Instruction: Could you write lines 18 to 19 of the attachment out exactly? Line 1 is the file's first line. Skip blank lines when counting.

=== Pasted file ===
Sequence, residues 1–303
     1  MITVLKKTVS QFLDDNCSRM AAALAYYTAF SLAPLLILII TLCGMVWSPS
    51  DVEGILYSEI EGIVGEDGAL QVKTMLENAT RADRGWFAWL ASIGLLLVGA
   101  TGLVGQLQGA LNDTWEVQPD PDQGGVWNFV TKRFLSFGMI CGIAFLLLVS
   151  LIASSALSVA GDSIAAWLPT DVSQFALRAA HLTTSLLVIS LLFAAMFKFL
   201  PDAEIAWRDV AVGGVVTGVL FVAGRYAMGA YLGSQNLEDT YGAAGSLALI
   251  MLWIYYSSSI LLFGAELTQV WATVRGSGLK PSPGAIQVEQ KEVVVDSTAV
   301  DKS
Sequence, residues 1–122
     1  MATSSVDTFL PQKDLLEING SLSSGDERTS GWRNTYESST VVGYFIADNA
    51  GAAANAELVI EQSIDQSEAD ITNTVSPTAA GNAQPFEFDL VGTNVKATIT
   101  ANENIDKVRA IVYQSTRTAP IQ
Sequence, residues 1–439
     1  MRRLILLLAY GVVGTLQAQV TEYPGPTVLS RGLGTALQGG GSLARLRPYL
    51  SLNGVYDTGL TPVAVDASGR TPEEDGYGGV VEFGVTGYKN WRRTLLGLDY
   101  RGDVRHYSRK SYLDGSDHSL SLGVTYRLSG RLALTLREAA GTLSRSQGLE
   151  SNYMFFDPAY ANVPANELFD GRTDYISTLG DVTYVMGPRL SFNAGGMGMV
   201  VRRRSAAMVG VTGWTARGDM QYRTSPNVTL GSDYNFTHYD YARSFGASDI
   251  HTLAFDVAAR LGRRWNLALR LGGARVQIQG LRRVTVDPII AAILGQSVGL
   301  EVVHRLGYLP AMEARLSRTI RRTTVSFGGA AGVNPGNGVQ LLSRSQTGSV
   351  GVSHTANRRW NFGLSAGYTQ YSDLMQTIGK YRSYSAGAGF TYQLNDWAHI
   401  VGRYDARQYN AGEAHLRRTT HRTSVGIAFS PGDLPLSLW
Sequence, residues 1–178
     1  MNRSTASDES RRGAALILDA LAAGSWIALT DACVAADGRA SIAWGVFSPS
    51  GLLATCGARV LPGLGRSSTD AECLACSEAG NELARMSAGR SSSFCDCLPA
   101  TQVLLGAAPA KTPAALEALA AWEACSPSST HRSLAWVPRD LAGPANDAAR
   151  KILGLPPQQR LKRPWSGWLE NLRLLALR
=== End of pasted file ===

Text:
   201  VRRRSAAMVG VTGWTARGDM QYRTSPNVTL GSDYNFTHYD YARSFGASDI
   251  HTLAFDVAAR LGRRWNLALR LGGARVQIQG LRRVTVDPII AAILGQSVGL